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Home > XPlite / 2000lite Professional

Why does registry cleaner XXXXXXX finds keys to remove after running XPlite and 2000lite?

by LitePC

Each item in XPlite removes the associated keys that it should as determined by a number of registry cleaning utilities that include in-house utilities we developed, MS regclean, and some commercially available cleaners... though we won't say its perfect, our software *is* cleaning up after each options is removed. If we were not you would have many thousands of orphaned keys.

Different registry cleaning utilities will find different things to remove... At LitePC Technologies have found that most, if not all, of the various shareware and commercial registry cleaners remove or suggest for removal some keys they should NOT, and because of this we proceed with caution and we wont use those utilities on our machines. The risk of corruptions later on down the track are real, and the big problem is that you never know the real reason why you are seeing the aberrant behaviour.

Now... it is a good thing that most registry cleaners have a backup ability. They save the keys they delete for potential recovery later. The problem is there may be some delay until you encounter the problem. At this time you may not make the association back to your prior regisrty cleaning effort, and even if you did will not know which backup session to restore.

The risks are real and for us that risk is not acceptable.

The problem is that MS and other software vendors, whether it is by accident, or intentionally, make use of registry entries that appear as invalid or redundant to an automated cleaner. This is a fact we are stuck with. The classic sittuation is where one Windows API references the registry settings associated with a system DLL but does not actually use the actual code in that DLL. If you delete the system DLL and leave the registry keys, the API functions as it should. If you run a registry cleaner that wipes the registry keys away because it detects that system DLL was removed - you now have a problem. The Windows API may not function, or worse it will function unpredictably.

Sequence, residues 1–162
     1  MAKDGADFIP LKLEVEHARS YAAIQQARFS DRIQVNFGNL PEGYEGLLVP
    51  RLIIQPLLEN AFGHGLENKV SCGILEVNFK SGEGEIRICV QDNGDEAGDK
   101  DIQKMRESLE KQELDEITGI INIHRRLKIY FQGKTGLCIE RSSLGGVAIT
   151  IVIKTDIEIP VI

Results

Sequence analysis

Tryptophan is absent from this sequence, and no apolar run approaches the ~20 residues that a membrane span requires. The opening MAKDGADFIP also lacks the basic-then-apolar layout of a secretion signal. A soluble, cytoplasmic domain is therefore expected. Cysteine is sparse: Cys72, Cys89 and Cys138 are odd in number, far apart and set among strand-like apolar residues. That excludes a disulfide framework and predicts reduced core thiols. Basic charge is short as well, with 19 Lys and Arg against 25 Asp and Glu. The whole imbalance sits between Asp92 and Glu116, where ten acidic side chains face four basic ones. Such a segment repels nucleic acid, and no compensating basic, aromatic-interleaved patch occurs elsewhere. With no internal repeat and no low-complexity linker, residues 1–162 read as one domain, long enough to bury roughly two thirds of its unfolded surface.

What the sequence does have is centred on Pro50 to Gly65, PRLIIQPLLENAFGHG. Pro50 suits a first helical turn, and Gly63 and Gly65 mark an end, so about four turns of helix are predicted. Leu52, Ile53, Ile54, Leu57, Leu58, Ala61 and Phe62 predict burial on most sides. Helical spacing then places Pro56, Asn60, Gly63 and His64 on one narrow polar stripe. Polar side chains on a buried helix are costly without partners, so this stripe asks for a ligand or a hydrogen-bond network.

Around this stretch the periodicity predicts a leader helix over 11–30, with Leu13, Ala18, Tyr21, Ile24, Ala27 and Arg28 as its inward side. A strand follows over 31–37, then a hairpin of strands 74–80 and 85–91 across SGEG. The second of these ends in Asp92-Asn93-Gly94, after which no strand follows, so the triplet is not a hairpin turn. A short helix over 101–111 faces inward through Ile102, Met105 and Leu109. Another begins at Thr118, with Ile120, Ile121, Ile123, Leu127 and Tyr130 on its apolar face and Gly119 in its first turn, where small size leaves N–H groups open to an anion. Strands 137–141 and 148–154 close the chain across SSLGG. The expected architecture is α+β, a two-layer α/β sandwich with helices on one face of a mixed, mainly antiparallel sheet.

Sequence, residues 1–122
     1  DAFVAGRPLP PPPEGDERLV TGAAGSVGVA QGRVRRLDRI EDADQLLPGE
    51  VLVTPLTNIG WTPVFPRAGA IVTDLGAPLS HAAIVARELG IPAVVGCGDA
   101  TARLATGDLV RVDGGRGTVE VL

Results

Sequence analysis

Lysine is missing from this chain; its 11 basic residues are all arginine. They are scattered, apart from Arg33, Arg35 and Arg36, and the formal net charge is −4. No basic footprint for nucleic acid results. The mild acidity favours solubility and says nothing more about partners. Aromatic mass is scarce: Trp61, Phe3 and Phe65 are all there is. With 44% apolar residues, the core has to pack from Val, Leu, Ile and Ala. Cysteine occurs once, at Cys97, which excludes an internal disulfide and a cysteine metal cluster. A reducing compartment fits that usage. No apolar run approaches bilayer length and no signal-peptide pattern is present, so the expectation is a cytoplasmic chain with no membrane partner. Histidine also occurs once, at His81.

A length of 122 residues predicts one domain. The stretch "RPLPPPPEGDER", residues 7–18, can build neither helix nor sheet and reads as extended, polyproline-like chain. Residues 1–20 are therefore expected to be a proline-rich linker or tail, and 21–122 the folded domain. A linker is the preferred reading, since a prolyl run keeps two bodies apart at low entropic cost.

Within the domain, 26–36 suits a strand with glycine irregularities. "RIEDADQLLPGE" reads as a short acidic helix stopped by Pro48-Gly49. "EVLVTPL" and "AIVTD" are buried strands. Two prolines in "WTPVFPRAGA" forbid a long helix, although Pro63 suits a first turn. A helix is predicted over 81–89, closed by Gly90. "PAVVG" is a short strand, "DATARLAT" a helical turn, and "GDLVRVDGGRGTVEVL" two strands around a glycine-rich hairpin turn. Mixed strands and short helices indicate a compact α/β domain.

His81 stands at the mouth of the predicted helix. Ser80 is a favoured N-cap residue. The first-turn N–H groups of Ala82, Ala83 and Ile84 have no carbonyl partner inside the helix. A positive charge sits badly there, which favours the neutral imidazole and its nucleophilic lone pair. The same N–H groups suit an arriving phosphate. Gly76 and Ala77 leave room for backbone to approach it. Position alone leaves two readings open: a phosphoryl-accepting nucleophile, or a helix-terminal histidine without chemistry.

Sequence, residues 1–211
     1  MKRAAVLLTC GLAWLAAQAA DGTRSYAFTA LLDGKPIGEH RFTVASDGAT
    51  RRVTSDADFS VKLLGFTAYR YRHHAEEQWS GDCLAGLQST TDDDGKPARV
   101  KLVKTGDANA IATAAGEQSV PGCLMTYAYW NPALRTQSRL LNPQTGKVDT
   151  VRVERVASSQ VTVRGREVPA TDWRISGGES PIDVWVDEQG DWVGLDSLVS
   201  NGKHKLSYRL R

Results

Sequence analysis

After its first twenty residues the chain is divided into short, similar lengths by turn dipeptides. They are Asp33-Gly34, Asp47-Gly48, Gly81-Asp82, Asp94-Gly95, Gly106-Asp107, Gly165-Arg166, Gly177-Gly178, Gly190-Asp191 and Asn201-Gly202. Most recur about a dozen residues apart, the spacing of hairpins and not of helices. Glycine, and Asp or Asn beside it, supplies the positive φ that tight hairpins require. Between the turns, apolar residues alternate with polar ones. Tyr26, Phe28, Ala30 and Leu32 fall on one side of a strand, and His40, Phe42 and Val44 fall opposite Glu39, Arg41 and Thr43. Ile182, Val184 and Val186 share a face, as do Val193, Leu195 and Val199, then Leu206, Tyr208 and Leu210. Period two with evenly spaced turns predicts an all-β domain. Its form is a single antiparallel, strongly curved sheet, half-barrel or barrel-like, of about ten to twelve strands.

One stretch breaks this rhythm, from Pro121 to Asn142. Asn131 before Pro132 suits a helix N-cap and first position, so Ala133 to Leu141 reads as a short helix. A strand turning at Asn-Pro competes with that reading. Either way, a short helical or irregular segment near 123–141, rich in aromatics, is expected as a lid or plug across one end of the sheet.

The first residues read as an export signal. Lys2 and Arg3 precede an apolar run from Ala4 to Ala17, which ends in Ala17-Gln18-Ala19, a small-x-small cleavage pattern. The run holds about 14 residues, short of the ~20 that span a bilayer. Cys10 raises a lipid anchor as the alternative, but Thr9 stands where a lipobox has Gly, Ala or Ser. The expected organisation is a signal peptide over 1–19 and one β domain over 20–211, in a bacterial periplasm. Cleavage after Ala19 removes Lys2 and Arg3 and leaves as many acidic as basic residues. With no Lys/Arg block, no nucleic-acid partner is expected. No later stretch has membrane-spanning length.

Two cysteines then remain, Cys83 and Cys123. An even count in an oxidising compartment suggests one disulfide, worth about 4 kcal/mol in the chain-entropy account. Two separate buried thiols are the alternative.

Registry cleaners have there place, but we do not believe they should be used as regular system maintenance utilities. We use them during developement to find orphaned keys that are *candidates* for deletion but only after thorough investigation. In some cases with our XPlite and 98lite software we have found problem keys during the course of our technical support of other peoples problems and we have modified our software to *ensure* that the end users system functions as best as we can. A registry cleaner can undo this good work.

Now that said...... we are often revisiting our removal routines all the time - especially when updated patches, windows updates, and service packs change file versions and associated registry information on us. Most removal routines are written for the versions of files that came on your windows CDROM and then enhanced to deal with updates as they are released. If you find an option you think we are removing poorly please let us know and we'll revisit it.

PLEASE use your registry cleaners with CAUTION!



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